The Rise of a Cashless Society
When running a business, there is one primary motive: profit. Imagine running a resource intensive business in one of the least developed regions in the world. You have no infrastructure to provide your services, there is an absence of a solid foundation in consumer market, lack of manpower, and weak governments. But you still need to make a profit, so what do you do? You turn to innovation: corporate innovation, which benefits you, your consumers, and the society in general. Vodacom and Safaricom launched M-Pesa in Kenya in 2007. M, for money and ‘Pesa,’ the Swahili word for money, were quite literally combined together to usher Africa into a new age of opportunity and financial development. The ground realities of Kenya were not encouraging for the banking industry. Only one billion people in the world have traditional bank accounts and an even smaller number uses banks for money transfer and transactions. The ratio is even lower in Africa, where banks lack the operational resources to open bank accounts in sparsely populated regions with poor transport networks and infrastructure. Traditional banking models were never successful in Kenya. In contrast, mobile phones have penetrated African markets on an astronomical scale. A basic mobile phone costs anything from five to ten dollars in most sub-Saharan African countries, serving as a cheap alternative to the expensive and limited landline phone service. Add cheap service offered by mobile phone networks, and Kenyans had found themselves a bargain. With this, the banking industry found had a cheap and strong infrastructure that they could exploit.  This was the backdrop for the arrival of M-Pesa, which thus used ubiquitous mobile phone access to provide citizens with a cheap way to access money and make transactions 24 hours a day. The model is quite simple: customers can buy credit in the form of scratch cards from any local convenience store and add that to their account. They can send this money from one person to another through a simple phone call or text message for a very small fee. Similarly, utility bills can be paid using a basic mobile phone as can payment for more general goods and services. The process is fast – it only takes a few seconds for the confirmation of a transaction, ensuring the long-term viability of the concept. Government can also pay salaries and provide benefits through the mobile phone, without the need for any complicated systems. This virtual money can be converted at any convenience store where a balance transfer can be paid out to the consumer in cash. M-Pesa started off as a novelty item, used by a select few for aesthetic purposes only. In 2012, it had grown to include more consumers in Kenya than the number of people with Facebook accounts. The reason behind the success is low overhead costs for the financial sector and for the consumer. The consumer needs a basic cell phone and a cheap, inexpensive SIM card while the financial sector does not need to open actual banking locations and hire trained employees. In contrast with the concept of mobile banking in Europe and North America, here there is no need to have an app for mobile transactions or the need to buy an expensive smartphone and have a mobile internet connection. It’s a simple GPRS connection, which is now available in 90% of Kenya. Instead of analyzing it from the business’ perspective, let’s think about its overarching effects on consumers. These people have never had access to a financial institution and are often too poor to move from one place to another. A chunk of Kenya's population is in serious debt and liable to fall into poverty traps. The only hope for the consumers to get some sort of financial autonomy and responsibility is through these simple mobile accounts. It takes away the hassle of having to go to banking locations far from home and connects people to the service through an already popular network. 80 percent of Kenyans had no access to any formal financial service before this introduction to mobile banking, but the percentage is going down very quickly, courtesy of M-Pesa. Another interesting factor about the Kenyan market was the domestic migration associated with it. Significant portions of urban populations live away from their families and move to the cities to gain access to higher paying jobs in order to support their families. These people are among those most benefited by mobile banking technology. There is a rising appeal to shift to non-conventional mobile banking options to transfer funds quickly and conveniently. Soon after the M-Pesa revolution, Western Union jumped into the race. Western Union, a firm that facilitates the transfer of money internationally, partnered with local finance institutions to facilitate international money transfers using mobile banking accounts. Developing countries rely heavily on remittances from expatriates working in other countries. For many families in the developing world, remittances continue to be the main form of income for the household. Today, Kenyans can send and receive money using Western Union Digital to and from over 45 countries across the world in a matter of minutes. Compare this effortless method of money transfer to the tedious process of opening a foreign currency bank account in a major banking location to receive a telegraphic transfer, which can often take up to a week to be processed, and the differences in ease between the two are clear. Particularly in less developed areas, such as Kenya, the advent of mobile-based banking is aiding governments in catching and regulating financial operations between individuals. Illicit money transfer has started to decrease since the arrival of mobile banking. Hundi or hawalla is a money laundering method to send and receive money through agents between two countries. Hawalla has also been known to funnel money into terrorist organizations and support rebels in Africa and Asia. At the same time however, this method is being used harmlessly to send remittances to developing countries to people who do not have access to a formal banking service. With weak states and governments, it was always very difficult to combat such money laundering means effectively. Mobile banking goes a long way in the progress towards mitigating the effects of hawalla. Legal users of hawalla are more likely to use mobile banking money transfer options now, leaving governments in a better position to combat illegal money transfer from a particular country. Critics argue that mobile banking can never be as good as conventional banking and citizens do not have access to the full range of services that a bank can offer when he or she is using a mobile banking service. However, companies have also started to offer insurance policies, microfinance options, and special saving accounts to better manage finance over the phone. Simple text messages allow customers to learn about these policies and choose what they feel is the best for them. Having said that, there is still no form of credit worthiness, investment opportunities, or interest based saving accounts that are available in conventional banking system in America. The fact, however, is that such criticism ignores the more basic needs of the majority of mobile banking's users.  These are people who save less than ten dollars a month, and thus do not need access to an investment bank or a hedge fund – all they want is a safe and secure means of receiving and sending money to cover their basic needs. One factor not yet mentioned is the partnership of some financial institutions with the Bill and Melinda Gates Foundation to spread this technology to all parts of sub-Saharan Africa. Mobile banking should be a lesson for business in aligning the profit motive with the with what would benefit society as a whole. In today’s world, the only way to do that is through corporate innovation and smart decision-making. Businesses need to assess the nature, size and limitations of markets and then tailor their products to fit the uniqueness of the market. Failing to do so reduces profit and customer satisfaction, and fails to exploit the potential of society to reach maximum welfare. The rise in mobile banking allegorizes the importance of business in a society. Business is not necessarily corrupt and detrimental to the overall welfare of the society. Such innovations show the social responsibility among companies and how this social cooperation can go hand in hand with the profit motive that all businesses strive for. The growth of the mobile phone industry and mobile banking has been encouraging so far. The trend has spread from Kenya to most countries in sub-Saharan Africa and is now being introduced in Asia. In Bangladesh, Dutch Bangla Bank Limited has incorporated mobile banking into the standard banking model to tailor their services to fit the Bangladeshi market demand. Creative innovation will help us escape the quagmire of businesses clashing with other parts of society on unfriendly practices and led to more efficiency in our world. We can only hope that this trend shall continue, with companies making an effort to align their needs with those of society at large.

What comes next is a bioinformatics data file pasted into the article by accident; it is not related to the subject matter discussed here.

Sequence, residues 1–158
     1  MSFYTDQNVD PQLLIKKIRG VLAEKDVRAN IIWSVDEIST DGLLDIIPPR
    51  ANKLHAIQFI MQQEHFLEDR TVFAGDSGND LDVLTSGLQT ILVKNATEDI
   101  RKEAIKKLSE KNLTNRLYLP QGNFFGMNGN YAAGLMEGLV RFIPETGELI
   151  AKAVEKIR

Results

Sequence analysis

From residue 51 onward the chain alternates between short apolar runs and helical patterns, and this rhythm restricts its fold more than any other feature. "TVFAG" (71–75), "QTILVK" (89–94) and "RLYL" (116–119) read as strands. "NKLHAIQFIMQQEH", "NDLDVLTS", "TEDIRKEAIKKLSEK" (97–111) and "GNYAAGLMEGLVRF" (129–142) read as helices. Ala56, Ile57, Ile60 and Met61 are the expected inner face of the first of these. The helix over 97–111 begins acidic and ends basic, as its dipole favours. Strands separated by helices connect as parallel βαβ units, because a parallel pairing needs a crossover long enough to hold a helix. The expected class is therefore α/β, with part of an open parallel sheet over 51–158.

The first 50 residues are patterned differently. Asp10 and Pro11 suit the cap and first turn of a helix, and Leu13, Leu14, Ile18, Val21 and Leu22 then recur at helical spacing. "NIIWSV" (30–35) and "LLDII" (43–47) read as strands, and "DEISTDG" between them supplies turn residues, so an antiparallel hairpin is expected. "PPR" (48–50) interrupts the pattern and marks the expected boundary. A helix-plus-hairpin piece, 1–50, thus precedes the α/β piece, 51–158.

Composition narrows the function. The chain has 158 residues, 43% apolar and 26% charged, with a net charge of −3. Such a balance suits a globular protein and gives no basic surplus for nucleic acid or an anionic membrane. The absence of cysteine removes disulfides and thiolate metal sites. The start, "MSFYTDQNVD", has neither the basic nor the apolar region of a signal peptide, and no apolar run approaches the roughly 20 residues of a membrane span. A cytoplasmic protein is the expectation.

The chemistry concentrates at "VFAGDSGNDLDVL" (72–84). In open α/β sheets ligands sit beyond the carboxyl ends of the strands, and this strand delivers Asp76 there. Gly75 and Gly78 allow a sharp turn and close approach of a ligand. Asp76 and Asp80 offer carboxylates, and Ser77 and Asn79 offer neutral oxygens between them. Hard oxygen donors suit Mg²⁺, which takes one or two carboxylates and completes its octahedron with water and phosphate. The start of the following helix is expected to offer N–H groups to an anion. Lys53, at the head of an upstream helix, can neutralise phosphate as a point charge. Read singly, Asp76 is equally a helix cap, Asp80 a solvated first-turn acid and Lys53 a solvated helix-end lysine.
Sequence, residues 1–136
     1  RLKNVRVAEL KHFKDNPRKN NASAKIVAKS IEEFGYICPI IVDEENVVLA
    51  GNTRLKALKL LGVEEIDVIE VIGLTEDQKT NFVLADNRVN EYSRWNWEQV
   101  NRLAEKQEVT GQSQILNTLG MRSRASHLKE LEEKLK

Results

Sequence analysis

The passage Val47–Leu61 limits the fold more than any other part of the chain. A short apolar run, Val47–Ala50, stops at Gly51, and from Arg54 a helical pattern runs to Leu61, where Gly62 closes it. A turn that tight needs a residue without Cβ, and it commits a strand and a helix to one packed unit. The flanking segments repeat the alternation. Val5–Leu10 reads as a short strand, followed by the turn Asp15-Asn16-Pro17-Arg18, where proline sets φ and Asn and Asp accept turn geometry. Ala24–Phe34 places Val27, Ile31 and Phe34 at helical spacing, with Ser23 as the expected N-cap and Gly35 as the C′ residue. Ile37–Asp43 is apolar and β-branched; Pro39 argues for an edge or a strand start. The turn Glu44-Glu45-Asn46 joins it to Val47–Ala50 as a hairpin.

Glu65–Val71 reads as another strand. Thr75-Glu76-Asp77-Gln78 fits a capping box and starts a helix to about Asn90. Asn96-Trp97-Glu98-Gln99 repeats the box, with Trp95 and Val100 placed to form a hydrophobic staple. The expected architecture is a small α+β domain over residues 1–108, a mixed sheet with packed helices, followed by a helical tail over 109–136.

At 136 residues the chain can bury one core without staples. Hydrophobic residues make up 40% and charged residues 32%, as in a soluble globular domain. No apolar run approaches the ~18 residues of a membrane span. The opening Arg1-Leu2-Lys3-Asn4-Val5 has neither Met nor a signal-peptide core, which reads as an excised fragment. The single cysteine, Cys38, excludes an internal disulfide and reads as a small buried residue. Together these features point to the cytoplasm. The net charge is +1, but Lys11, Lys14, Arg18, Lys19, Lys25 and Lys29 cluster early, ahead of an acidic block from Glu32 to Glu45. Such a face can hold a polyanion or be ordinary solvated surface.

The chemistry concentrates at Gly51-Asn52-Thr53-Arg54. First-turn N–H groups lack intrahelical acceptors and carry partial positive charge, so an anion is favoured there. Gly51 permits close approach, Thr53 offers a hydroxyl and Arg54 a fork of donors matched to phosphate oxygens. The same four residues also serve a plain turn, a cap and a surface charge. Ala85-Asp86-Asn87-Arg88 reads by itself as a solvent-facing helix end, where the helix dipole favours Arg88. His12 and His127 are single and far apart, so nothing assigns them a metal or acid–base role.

• Richard

    I agree. A wise businessman in the Caribbean named Sir Kyffin Simpson always said that the key to success is progression and humility, and clearly he’s done very well for himself as a self made man!

  • John Andrews

    The Airgain IPO launches this week, and they’re a one-brand company.

    Some investors don’t think it’s a good stock though:

    http://seekingalpha.com/article/3997291-risky-signals-antenna-maker-airgain-launches-ipo

  • Cincinnati World Cinema

    Well said, Joe, and worth rereading on a regular basis! Another advantage of small-to-midsize city living is pace and competition. Living in NYC, LA and SF entailed a hectic pace, hallmarked by capital S striving, as one realized there were a ton of others doing what I do. Spending so much time in one’s car in SoCal meant much less time for quality pursuits and pleasures. A smaller pond with relaxed pace allows one to savor life and special moments.